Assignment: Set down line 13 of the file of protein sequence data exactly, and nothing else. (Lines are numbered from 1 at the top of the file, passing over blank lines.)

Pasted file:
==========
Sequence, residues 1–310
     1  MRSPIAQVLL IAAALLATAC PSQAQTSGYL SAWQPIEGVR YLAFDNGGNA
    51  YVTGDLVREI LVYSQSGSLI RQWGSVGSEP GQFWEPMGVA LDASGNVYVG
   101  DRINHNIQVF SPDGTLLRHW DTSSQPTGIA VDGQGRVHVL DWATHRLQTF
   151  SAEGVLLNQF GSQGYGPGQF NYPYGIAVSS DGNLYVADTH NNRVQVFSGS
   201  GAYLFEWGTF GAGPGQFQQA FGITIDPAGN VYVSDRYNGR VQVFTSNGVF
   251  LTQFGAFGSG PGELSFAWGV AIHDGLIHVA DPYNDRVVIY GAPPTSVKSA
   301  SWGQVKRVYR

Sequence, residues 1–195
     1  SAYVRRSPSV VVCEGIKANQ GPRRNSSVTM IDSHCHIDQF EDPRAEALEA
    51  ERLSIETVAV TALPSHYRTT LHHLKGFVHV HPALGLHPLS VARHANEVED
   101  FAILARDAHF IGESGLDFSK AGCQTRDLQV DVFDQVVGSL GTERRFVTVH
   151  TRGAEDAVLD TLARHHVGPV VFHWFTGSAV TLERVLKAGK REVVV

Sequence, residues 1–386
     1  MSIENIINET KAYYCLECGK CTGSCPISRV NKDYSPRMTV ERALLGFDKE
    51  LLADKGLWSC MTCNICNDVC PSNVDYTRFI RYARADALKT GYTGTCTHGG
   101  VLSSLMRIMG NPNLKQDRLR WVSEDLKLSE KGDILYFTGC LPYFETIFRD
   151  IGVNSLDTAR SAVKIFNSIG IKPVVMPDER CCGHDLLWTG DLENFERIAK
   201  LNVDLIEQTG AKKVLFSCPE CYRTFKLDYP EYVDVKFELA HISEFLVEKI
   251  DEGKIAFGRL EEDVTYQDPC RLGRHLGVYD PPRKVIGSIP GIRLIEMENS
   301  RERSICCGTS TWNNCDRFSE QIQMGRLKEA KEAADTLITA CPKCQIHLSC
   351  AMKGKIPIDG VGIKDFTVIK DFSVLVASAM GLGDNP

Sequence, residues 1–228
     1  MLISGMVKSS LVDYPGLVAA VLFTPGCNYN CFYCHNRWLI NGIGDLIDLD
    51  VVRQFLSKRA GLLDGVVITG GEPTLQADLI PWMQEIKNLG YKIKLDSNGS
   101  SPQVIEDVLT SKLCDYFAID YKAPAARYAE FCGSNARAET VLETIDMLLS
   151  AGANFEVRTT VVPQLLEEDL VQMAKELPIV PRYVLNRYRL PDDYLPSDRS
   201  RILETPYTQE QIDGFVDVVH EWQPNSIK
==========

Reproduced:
   151  TRGAEDAVLD TLARHHVGPV VFHWFTGSAV TLERVLKAGK REVVV